Gum disease is often silent, meaning symptoms may not appear until an advanced stage of the disease. However, warning signs of gum disease that prompt us to have a periodontal examination include the following:

  • Red, swollen or tender gums or other pain in your mouth
  • Bleeding while brushing, flossing, or eating hard food
  • Gums that are receding or pulling away from the teeth, causing the teeth to look longer than before
  • Loose or separating teeth
  • Persistent bad breath
  • A change in the way your teeth fit together when you bite
  • A change in the fit of partial dentures
  • Pus between your gums and teeth
  • Sores in your mouth


Periodontal Disease and Systemic Health

Research has shown that periodontal disease is associated with several other diseases.               

For a long time it was thought that bacteria was the factor that linked periodontal disease to other disease in the body; however, more recent research demonstrates that inflammation may be responsible for the association. Therefore, treating inflammation may not only help manage periodontal diseases but may also help with the management of other chronic inflammatory conditions.

According to research in

  • Diabetes diabetic patients are more likely to develop periodontal disease, which in turn can increase blood sugar and diabetic complications
  • Heart Disease periodontal disease increases the risk of heart disease and stroke, but can also exacerbate existing heart conditions
  • Respiratory Disease bacteria that grow in the oral cavity can be aspirated into the lungs to cause respiratory diseases such as pneumonia, especially in people with periodontal disease
  • Osteoporosis a link is suggested between periodontal disease and osteoporosis due to the occuring bone loss in the jaw
  • Cancer periodontal disease is associated with some types of cancer in men


Gum disease in Women & Children

A woman's periodontal health may be impacted by a variety of hormonal and non-hormonal factors during the following time periods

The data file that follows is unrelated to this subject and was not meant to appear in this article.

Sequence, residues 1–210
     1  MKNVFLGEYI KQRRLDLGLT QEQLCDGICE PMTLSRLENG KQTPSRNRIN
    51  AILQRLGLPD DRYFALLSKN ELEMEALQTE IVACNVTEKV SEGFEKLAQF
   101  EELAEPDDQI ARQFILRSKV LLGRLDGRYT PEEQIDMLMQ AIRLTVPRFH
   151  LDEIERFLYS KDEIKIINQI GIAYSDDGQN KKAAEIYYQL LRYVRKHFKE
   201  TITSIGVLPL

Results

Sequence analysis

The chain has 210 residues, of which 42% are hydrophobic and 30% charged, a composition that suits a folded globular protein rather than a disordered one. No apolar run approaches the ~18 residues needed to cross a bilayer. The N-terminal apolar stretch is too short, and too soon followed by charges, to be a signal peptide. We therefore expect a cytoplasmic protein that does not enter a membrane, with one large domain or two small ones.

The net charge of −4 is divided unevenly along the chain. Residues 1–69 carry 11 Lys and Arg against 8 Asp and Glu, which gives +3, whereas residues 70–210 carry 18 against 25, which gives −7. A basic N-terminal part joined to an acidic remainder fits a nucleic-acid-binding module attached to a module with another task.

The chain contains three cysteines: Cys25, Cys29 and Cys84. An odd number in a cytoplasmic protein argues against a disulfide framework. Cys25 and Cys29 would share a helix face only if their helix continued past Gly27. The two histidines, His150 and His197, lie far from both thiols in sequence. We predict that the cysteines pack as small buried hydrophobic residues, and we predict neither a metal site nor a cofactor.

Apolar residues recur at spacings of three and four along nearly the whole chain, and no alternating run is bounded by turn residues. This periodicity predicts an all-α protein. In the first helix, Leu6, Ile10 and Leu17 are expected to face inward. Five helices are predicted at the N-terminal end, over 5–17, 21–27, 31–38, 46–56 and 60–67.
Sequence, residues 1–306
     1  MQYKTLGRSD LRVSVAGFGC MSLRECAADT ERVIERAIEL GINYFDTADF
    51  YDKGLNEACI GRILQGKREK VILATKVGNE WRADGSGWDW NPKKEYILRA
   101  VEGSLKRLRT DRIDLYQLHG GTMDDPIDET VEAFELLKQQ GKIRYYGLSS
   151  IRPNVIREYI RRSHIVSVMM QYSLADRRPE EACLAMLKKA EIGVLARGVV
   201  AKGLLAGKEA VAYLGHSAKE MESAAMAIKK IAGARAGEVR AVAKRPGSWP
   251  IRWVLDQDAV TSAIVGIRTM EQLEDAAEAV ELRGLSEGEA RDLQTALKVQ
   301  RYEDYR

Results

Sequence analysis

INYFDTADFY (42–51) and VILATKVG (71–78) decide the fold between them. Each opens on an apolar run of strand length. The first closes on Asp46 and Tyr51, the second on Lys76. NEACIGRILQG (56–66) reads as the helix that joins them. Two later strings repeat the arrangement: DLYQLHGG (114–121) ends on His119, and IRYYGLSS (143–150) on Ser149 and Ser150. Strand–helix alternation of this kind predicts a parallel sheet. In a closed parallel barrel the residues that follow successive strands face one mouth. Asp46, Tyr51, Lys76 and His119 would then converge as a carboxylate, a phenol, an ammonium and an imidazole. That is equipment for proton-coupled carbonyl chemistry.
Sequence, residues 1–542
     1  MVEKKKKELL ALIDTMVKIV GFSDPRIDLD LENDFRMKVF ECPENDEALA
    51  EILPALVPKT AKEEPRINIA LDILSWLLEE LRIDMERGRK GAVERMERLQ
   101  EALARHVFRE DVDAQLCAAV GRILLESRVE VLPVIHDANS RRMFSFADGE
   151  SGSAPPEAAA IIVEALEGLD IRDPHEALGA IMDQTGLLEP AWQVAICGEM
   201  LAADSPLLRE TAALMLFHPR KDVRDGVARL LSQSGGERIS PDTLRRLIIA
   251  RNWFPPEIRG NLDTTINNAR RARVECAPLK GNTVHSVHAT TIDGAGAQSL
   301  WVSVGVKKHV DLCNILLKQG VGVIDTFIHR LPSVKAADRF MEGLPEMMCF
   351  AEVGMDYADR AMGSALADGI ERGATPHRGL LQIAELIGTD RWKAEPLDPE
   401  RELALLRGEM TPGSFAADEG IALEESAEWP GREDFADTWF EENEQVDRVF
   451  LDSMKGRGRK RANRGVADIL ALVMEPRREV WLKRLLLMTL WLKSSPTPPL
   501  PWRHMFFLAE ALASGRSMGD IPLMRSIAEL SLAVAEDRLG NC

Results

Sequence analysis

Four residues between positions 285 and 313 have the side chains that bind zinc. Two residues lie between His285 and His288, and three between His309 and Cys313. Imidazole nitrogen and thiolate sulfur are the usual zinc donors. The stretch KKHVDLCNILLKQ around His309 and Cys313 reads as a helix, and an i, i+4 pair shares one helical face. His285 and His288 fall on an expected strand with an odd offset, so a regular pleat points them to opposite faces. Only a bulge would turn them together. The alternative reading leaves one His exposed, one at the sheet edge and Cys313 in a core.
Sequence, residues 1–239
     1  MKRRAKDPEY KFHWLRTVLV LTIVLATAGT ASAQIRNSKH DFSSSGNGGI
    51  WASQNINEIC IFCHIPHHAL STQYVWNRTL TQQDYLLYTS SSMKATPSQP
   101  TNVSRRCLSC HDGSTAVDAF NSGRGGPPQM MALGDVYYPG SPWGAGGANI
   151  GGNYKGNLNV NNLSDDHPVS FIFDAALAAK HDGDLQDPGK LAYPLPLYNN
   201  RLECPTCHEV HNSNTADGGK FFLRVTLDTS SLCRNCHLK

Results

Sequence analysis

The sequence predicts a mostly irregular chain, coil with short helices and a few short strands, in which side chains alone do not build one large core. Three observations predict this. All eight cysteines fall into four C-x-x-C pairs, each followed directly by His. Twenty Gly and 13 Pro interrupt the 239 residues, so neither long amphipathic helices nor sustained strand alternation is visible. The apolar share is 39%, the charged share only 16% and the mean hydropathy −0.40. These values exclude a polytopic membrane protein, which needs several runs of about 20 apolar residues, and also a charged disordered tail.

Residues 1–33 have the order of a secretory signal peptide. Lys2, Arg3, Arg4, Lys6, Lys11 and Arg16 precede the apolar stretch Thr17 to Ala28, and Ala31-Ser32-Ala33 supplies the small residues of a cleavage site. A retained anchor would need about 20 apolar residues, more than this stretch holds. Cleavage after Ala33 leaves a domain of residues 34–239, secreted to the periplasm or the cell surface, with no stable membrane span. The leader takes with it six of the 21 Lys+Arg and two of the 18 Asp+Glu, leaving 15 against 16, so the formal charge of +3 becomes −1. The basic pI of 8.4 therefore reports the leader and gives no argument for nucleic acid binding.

• Puberty
  • Menstruation
  • Pregnancy
  • Menopause

During these periods there seems to be increased appearance of gingivitis, periodontitis and/or gingivostomatitis, while lately a link is also suggested between periodontal disease and premature birth.


Types of periodontal diseases in children & basic signs

The following types of disease are seen in children & teenagers

  • Chronic gingivitis is common in children. It is both preventable and easily treatable. However, left untreated, it can eventually advance to more serious forms of periodontal disease.
  • Localised Aggressive periodontitis is found in teenagers and young adults who are otherwise healthy and can even have optimal oral hygiene. It mainly affects specific teeth and is characterized by severe bone loss
  • Generalized Aggressive periodontitis may begin around puberty and usually involves multiple teeth. It is marked by severe inflammation of the gums of rapid progression.

Signs of periodontal disease
Four basic signs will alert you to periodontal disease in your child and indicate the need for a periodontal examination:

  • Bleeding bleeding gums during tooth brushing, flossing or any other time
  • Puffiness swollen and bright red gums
  • Recession of the gums sometimes exposing the roots
  • Bad breath constant bad breath that does not clear up with brushing and flossing